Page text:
Printer Friendly

Jury finds Rezulin manufacturer acted with `malice'.

In what is believed to be the first pro-plaintiff verdict in a case involving the diabetes drug Rezulin, a jury in Corpus Christi, Texas, awarded Margarita Sanchez and her family $43 million in actual damages. Pfizer, Inc., settled the case for a confidential sum while the jury was deliberating on punitive damages. (Sanchez v. Parke-Davis, No. 006523-F (Tex., Nueces County Dist. Ct. Dec. 21, 2001).)

The plaintiffs' attorneys said jurors later told them that the panel had decided on but not yet announced a $100 million punitive damages award. Pfizer purchased the drug's manufacturer, Warner-Lambert, in 2000.

"I believe the Sanchez case is very significant, as the jury specifically found by clear and convincing evidence that Warner-Lambert was guilty of criminal conduct," said plaintiff attorney Chris Pinedo, of Corpus Christi. "The jury found that Warner-Lambert had actual subjective awareness that Rezulin involved an extreme degree of risk, yet despite this knowledge, Warner-Lambert proceeded to market Rezulin. This in itself is a very significant finding."

Margarita Sanchez was diagnosed with Type 2, or adult-onset, diabetes, and in 1998 her physician prescribed Rezulin to treat the disease. In March 1999, she stopped taking the drug because diagnostic studies revealed liver damage due to Rezulin. At the time of trial, she was awaiting a liver transplant. Sanchez, joined by her husband and two sons, sued Warner-Lambert, and several corporate subdivisions including Parke-Davis.

Pinedo said he polled jurors and found that they believed the company had concealed documents from the FDA regarding the number of liver failures among users and the severity of the elevated liver-enzyme levels in their blood, an indication of liver damage. Jurors also concluded that Warner-Lambert had used "fluffy" and technical language and altered the information in the product inserts so that it was not understandable to laypeople and even to some doctors, and had "impaired" the truthfulness of the documents it submitted to the FDA.

This finding of criminal conduct and "malice" under Texas law eliminated the application of the state's exemplary damages cap, exposing the company to unlimited punitive damages.

Attorney Mikal Watts, of Corpus Christi, also a member of the plaintiffs' legal team, said the Sanchez case is a harbinger of verdicts to come.

"Warner-Lambert's documents reveal that it knew its product would kill people, yet the company continued to sell it," he said. "Jury after jury is going to hit them with punitive damages."

Watts also expects that most of the liver-damage cases will settle, because the parent company has seen the damages that juries are willing to award for these injuries.

On January 29, 1997, the FDA approved troglitazone, under the brand name Rezulin, for the treatment of Type 2 diabetes. Because it was the first in a new class of diabetes drugs, the agency agreed to a six-month "priority" review instead of the usual approval process, which averages 14 months. Before the approval, some scientists were already documenting concerns about the drug's potential to cause heart and liver damage.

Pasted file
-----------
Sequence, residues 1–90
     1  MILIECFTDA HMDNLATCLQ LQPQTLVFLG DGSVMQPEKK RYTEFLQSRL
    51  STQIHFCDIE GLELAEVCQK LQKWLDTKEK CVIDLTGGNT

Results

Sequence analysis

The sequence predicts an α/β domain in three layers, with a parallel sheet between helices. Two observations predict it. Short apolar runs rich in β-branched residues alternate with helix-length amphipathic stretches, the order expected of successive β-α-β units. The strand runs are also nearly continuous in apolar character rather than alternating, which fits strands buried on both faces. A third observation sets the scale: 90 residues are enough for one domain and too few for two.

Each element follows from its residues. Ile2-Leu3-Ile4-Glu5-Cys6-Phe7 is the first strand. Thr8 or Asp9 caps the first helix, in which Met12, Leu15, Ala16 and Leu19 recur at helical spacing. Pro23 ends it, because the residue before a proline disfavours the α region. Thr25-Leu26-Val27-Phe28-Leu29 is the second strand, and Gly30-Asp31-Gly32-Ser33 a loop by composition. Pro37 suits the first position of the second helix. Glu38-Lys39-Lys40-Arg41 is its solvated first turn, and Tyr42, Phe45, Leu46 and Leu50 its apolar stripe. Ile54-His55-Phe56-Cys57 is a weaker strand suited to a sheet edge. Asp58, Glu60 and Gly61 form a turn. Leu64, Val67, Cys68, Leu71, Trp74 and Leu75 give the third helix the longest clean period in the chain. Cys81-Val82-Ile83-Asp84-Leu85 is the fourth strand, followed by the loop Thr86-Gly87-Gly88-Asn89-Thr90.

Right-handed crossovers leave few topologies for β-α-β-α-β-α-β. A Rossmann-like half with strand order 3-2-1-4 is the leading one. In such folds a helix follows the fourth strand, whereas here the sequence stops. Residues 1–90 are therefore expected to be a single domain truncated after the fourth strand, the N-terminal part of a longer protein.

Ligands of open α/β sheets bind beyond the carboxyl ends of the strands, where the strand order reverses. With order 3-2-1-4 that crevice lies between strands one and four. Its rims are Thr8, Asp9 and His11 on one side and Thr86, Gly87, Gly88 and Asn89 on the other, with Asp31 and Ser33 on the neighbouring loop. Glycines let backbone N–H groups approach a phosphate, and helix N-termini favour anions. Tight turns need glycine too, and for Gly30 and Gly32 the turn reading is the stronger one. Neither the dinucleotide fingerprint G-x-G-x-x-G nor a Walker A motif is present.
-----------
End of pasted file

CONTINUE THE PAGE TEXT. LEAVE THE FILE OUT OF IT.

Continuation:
Within several months of the drug's launch in March 1997, reports of liver damage cases began. Over the next three years, Warner-Lambert made four changes to the drug's warning label, each recommending more stringent liver-enzyme testing for users.

In March 2000, the FDA asked Warner-Lambert to withdraw Rezulin from the market. The agency has now established that the drug can cause liver failure, liver damage, and elevated liver enzymes in the blood. (See Robert K. Jenner, Rezulin: Fast Track to Failure, TRIAL, July 2000, at 39.)

Thousands of cases have been filed across the country, and more are expected before the two-year statute of limitations expires this month, Watts said. Two other cases have gone to trial so far. One was settled for a confidential amount while being tried in Liberty, Missouri. (Griggs v. Warner-Lambert Co., No. CV1003957 (Mo., Clay County Cir. Ct. Dec. 27, 2001).)

In a Houston case, the jury returned a verdict for the defendant. (Mercado v. Warner Lambert Co., Parke-Davis, No. 2000-42692 (Tex., Harris County Dist. Ct. Dec. 17, 2001).) Watts said the death certificate in that case stated that the patient had died of causes other than Rezulin. "We did not face the causation hurdles that they did," he said.
COPYRIGHT 2002 American Association for Justice
No portion of this article can be reproduced without the express written permission from the copyright holder.
Copyright 2002, Gale Group. All rights reserved. Gale Group is a Thomson Corporation Company.

Article Details
Printer friendly Cite/link Email Feedback
Title Annotation:Texas
Author:Jurand, Sara Hoffman
Geographic Code:1U7TX
Date:Mar 1, 2002
Previous Article:Supreme Court to consider disparate-impact claims in age bias cases.
Next Article:Plaintiffs win crashworthiness case in Florida high court.

Related Articles
Bitter Pill.
Rezulin: fast track to failure.
UnumProvident ordered to pay $7.6 million in disability lawsuit. (Companies).
Settlement concludes first MTBE products trial.
Former state supt. slapped with million-dollar judgment. (Update: education news from schools, business, research and professional organizations).
Cosmetics company loses face in discrimination claim.
Insurers are consumers, too, Second Circuit says in Rezulin fraud case.
Peer review immunity? Think again: recent developments in federal and state law.

Terms of use | Privacy policy | Copyright © 2022 Farlex, Inc. | Feedback | For webmasters |